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Jodie Tillman, Times Staff Writer

Jodie Tillman

Jodie Tillman covers the health and medicine beat. She started at the Times in May 2006.

Phone: (813) 226-3374


Twitter: @JTillmanTimes

  1. Tampa Bay business groups and political leaders push for Medicaid expansion


    ST. PETERSBURG — Though Florida's incoming House speaker appeared Wednesday to squash Medicaid expansion for a third year in a row, supporters of a new plan to extend health coverage to the working poor say they believe events are lining up in their favor.

    Bruce Rueben, president of the Florida Hospital Association, noted at the Bay Area Mayors Conference on Wednesday that the business community, including the powerful Florida Chamber of Commerce, has now mobilized to support covering nearly 800,000 uninsured adults....

  2. Former Plant High student tests positive for tuberculosis


    TAMPA — A former Plant High School student has tested positive for tuberculosis, a potentially fatal disease caused by bacteria that attack the lungs.

    The Florida Department of Health received notice of the confirmed TB case on Jan. 22. Department spokesman Steve Huard said the student had already left the school district, though he did not know on what date, and he wouldn't say where the student moved. A school district spokesman could not offer additional details about the student's time at Plant High....

  3. Health officials: HPV vaccine is about stopping cancer, not promoting sex


    TAMPA — Nine years ago, the federal government approved a medical breakthrough: a vaccine for adolescents that blocks a common, cancer-causing virus.

    But selling the public on the vaccine has been tough, say health officials, mostly because the virus is sexually transmitted and many parents think inoculating their kids is tantamount to approving teen sex.

    It's time to try a new sales pitch, said national health leaders gathered at Moffitt Cancer Center on Thursday for a major conference on HPV, or human papillomavirus....

  4. Tampa General, Florida Hospital form new company to offer wider range of care


    TAMPA — Tampa General Hospital and Florida Hospital are teaming up to build a $60 million outpatient center in Brandon, launch a home care agency and create a hospice program. Their jointly owned partnership, called West Florida Health, is driven by a changing health care economy that favors big systems that can care for patients at all stages of sickness and health.

    Top officials from the two nonprofit hospitals provided for the first time Friday the details of their partnership, announced in September 2013....

    Tampa General Hospital, an independent nonprofit with 1,018 beds, is the primary teaching hospital for University of South Florida and serves as the region’s only Level 1 trauma center.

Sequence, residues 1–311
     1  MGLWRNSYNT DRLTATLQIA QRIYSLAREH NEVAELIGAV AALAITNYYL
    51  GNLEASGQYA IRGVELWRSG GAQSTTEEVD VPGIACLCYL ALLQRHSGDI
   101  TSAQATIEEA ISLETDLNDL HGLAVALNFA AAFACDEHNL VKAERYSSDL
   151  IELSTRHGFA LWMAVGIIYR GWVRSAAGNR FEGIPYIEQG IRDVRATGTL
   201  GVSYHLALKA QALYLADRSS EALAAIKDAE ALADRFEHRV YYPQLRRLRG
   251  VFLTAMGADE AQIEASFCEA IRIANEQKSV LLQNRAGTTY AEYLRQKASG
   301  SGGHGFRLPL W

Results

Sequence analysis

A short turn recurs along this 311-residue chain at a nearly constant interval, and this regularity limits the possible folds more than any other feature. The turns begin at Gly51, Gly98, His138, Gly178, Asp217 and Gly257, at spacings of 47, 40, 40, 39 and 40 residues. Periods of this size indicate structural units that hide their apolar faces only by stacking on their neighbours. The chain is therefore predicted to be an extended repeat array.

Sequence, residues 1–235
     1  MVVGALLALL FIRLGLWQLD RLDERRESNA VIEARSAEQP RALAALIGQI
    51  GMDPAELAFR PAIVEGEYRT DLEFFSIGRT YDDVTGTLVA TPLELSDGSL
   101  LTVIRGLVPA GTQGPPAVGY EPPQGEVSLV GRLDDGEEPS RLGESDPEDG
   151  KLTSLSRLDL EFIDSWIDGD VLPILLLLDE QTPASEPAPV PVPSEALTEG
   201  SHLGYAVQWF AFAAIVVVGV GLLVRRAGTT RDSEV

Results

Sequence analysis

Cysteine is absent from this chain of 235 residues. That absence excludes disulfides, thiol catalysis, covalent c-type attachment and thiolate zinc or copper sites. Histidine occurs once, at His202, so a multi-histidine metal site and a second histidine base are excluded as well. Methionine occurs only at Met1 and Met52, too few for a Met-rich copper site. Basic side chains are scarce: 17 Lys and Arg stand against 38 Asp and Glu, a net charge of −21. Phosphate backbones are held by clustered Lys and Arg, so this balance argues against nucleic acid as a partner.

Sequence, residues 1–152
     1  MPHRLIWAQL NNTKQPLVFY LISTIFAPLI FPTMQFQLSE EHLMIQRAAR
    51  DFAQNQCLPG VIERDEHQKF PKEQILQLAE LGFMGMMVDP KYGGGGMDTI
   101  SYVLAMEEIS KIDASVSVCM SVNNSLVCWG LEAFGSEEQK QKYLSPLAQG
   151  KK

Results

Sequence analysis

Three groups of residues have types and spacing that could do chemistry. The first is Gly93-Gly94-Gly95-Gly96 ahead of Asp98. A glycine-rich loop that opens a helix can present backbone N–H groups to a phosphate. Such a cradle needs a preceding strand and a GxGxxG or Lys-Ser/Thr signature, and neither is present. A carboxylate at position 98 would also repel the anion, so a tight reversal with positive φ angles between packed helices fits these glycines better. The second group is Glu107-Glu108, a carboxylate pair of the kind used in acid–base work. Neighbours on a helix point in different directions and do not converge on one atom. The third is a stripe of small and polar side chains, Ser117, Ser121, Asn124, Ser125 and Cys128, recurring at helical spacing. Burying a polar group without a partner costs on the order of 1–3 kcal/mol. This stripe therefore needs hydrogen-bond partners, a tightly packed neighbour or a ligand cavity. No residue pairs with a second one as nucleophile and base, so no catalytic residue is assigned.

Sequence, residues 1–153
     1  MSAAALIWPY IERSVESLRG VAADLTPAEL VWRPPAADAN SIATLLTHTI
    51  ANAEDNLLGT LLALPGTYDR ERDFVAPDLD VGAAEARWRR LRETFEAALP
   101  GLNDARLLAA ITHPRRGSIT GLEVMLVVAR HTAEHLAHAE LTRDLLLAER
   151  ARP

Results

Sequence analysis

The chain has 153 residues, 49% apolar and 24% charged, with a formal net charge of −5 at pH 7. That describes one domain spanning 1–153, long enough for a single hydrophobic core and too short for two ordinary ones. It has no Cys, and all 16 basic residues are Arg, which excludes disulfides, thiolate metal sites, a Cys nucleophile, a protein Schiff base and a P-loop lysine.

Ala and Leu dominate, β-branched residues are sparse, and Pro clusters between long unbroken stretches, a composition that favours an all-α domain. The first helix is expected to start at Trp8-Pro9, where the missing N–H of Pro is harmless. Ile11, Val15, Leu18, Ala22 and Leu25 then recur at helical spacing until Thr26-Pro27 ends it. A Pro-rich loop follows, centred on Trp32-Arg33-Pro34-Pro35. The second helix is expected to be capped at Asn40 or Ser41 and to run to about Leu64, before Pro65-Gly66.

5. Moffitt Cancer Center may build new hospital to cope with space crunch


    TAMPA — Moffitt Cancer Center officials are considering a plan to replace the pressed-for-space hospital with a new building that would be more than twice as tall.

    Most general hospitals are losing inpatient business as many procedures are increasingly done on an outpatient basis. But at Moffitt, inpatient admissions have kept going up, particularly for patients needing complicated surgeries and bone marrow transplants, said Jack Kolosky, Moffitt's chief operating officer....

    Hemmed in at its current location, Moffitt Cancer Center won’t be able to get additional hospital parcels from the University of South Florida, which has no land to give. So the main option under consideration is to tear down the old hospital and put a new, taller one in its place.
  6. Same-sex couples around Tampa Bay line up to get married and make history


    TAMPA — Before she presided over a mass wedding ceremony Tuesday, Hillsborough Clerk of Court Pat Frank asked the dozens of gay couples how many years they had waited for the moment.




    "Forty three!" said Frank. "Well, you have waited a long time."

    No longer. At that park in Tampa and across Florida, wedding bells rang for same-sex couples, the result of a successful court challenge to the state's 2008 ban on gay marriages....

    Hillsborough County Clerk of the Circuit Court Pat Frank, right, marries Brenda Cuevas, left, and Shirley Winslow at the circuit court office, Tuesday in Tampa. [SKIP O'ROURKE | Times]
  7. A historic day in Florida as gay weddings begin


    Catherina Pareto and Karla Arguello got an early start on history Monday, becoming the first gay couple to marry in Florida after a judge let Miami-Dade County issued marriage licenses hours before the midnight launch of same-sex weddings statewide.

    Now comes the rest of Florida. Court clerks have deployed extra staff, reworded paperwork and reserved parks and courtrooms to handle the gay couples expected to line up today for the historic — and long-awaited — chance to be married in the Sunshine State....

    Newlyweds Todd and Jeff Delmay embrace as Karla Arguello, left, and Catherina Pareto applaud Monday during Florida’s first same-sex marriages held in the Miami-Dade courtroom of Circuit Judge Sarah Zabel. Couples in Miami-Dade received their marriage licenses hours before the midnight launch of same-sex weddings statewide. Arguello and Pareto also were married Monday.
  8. Florida and other states enduring 'severe' flu season


    Flu cases nationwide are reaching levels not seen in two years, a trend driven in part by a mismatch between the vaccine and this season's dominant virus type.